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by Kirsteen Paterson
03 September 2023
Rutherglen by-election: What it really means for the SNP and Labour

Illustration: Allyson Shields for Holyrood

Rutherglen by-election: What it really means for the SNP and Labour

Rutherglen, according to a sign painted on the wall of the local shopping centre, is “a town full of energy”.

Candidates in the Rutherglen and Hamilton West by-election will be hoping that vitality rubs off on them. After all, the race has been running for weeks now, and the official starting pistol has yet to be fired. And although several parties have said they’ll put up entrants, this is widely expected to be a head-to-head between Labour and the SNP. These are the only parties to have ever won (and lost) this Westminster seat. As what may be the last major test before next year’s general election, it is taking on totemic properties. 

Bordered by Uddingston to the east and East Kilbride to the west, it is in this South Lanarkshire seat that the SNP will face its first big electoral challenge under new leader Humza Yousaf and in the shadow of Operation Branchform, and it is here that Labour will try to build a momentum that will last all the way to the general election. Voters may be selecting a local MP, but the contest is about much more. “It will be difficult for the SNP if indeed they lose it,” said polling guru Sir John Curtice. “It will underline the fact that they are much less popular. For the Labour party, this is an absolute must-win.” 

The constituency was left vacant by Covid-scandal MP Margaret Ferrier, the former SNP politician who lost the whip after breaking isolation rules and was unseated by constituents in a Scottish first. Almost 12,000 voters signed a recall petition to get rid of her – a result of about 15 per cent against a minimum threshold of 10 per cent. The petition was held after MPs agreed to suspend her from the Commons for 30 days for travelling by train while she had the virus in 2020 and, confirming that she would not seek re-election, Ferrier said it had been “the privilege of [her] life” to serve there. “This has been a difficult and taxing process that has now come to its conclusion, and I do not wish to prolong it further,” she said.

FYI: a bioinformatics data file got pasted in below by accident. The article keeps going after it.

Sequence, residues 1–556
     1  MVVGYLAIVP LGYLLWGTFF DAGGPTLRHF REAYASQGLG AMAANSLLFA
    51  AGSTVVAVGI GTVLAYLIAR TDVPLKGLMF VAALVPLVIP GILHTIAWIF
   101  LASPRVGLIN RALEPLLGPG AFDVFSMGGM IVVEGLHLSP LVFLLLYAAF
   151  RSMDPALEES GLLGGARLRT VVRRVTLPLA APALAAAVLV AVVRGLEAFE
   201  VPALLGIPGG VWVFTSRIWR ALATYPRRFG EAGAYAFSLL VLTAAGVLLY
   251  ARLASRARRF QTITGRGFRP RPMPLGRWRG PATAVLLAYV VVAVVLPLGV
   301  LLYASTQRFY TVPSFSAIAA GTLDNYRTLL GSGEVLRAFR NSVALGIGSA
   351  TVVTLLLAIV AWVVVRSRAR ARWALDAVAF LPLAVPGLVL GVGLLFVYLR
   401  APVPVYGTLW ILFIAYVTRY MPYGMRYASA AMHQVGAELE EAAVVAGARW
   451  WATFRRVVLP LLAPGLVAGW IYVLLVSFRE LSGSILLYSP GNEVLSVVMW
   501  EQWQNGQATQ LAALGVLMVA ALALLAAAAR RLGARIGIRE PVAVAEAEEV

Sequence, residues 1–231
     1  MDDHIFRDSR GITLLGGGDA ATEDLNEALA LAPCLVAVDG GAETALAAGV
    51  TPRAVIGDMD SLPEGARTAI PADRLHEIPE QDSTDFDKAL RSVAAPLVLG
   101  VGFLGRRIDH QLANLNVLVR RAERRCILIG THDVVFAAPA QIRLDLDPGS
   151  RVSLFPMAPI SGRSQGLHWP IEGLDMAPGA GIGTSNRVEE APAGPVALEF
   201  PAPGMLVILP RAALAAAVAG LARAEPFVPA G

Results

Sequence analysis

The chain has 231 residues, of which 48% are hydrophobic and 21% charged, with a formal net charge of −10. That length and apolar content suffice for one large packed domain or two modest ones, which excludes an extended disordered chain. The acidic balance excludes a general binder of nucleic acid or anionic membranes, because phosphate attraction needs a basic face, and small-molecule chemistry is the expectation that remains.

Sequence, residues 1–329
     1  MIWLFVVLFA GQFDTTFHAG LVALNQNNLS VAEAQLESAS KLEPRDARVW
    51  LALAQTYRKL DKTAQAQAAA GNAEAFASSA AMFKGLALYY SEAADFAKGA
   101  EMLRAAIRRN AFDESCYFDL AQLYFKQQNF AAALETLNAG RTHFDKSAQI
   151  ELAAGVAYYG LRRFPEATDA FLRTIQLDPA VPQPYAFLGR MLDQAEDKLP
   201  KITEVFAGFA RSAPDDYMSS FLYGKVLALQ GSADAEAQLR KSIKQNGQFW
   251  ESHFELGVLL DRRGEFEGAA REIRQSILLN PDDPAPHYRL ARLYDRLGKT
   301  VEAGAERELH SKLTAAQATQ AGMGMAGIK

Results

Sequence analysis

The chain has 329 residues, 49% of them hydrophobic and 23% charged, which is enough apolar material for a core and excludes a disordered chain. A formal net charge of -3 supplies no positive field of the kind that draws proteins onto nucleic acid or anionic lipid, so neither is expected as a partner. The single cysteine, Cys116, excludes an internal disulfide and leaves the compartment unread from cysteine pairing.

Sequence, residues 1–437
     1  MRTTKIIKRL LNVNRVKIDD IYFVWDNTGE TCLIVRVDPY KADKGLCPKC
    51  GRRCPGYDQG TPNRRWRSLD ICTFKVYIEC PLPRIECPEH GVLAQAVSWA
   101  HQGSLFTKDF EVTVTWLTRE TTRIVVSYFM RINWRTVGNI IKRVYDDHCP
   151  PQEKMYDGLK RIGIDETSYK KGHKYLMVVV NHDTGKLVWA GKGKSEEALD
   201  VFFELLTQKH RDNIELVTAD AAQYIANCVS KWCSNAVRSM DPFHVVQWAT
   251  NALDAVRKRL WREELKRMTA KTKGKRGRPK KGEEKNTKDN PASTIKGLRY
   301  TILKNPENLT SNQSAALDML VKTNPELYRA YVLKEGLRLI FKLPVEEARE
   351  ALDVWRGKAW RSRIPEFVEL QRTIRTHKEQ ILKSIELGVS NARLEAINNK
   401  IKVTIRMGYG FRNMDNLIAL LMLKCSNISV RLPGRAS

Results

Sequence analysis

The result came in shortly before parliamentary recess and, as that summer break ends, the SNP is expected to move the writ to start the official by-election process within days. The earliest possible date for the vote is October 5 and all five major parties – the Conservatives, the Greens, Labour, the Lib Dems and the SNP – have put forward candidates as Ferrier’s replacement. Alba, which had called for a single “Scotland United” candidate to avoid splitting the pro-independence vote, has decided to stay out of it. The Scottish Socialist Party, Volt UK, the Scottish Trade Unionist and Socialist Coalition, Reform UK and the Independence for Scotland Party will also be represented.

Over the summer, locals in Rutherglen have had a taste of the campaigning to come – photocalls by candidates, activists clutching clipboards, leaflets through the door. But, standing on the main street on a Friday afternoon, there is little sense that this is currently the most politically important region in Scotland. The media circus is not in town today and life continues as normal. An older couple complain about the state of the pavements and say the area needs “honest people” in charge; an ex-roofer, leaning on a crutch, slates the Tories. “I absolutely hate them,” he tells Holyrood. “I was thinking of voting Labour.” “Humza Yousaf, he’s been out here a couple of times,” says a man living in sheltered housing. “I saw him and thought ‘I’m going to approach that guy’, but by the time I got out the door I missed him.” The Scottish Government’s handling of ferry procurement, he adds, has been “a disaster”.

Neither ferries nor pavements are the meat of this contest, however. Labour, which has pinned its rosette on modern studies teacher Michael Shanks, is promising “change” if locals pick him and he’s pledging to “restore faith in politics”. The SNP, meanwhile, is telling voters that Labour can’t be trusted on the cost-of-living crisis, welfare or workers’ rights, with candidate Katy Loudon, a local councillor, making much of Keir Starmer’s U-turn on scrapping the rape clause and two-child cap. A Labour government may not be able to get rid of the bedroom tax either, shadow chancellor Rachel Reeves has said, leading to accusations that the party is turning its back on long-standing pledges.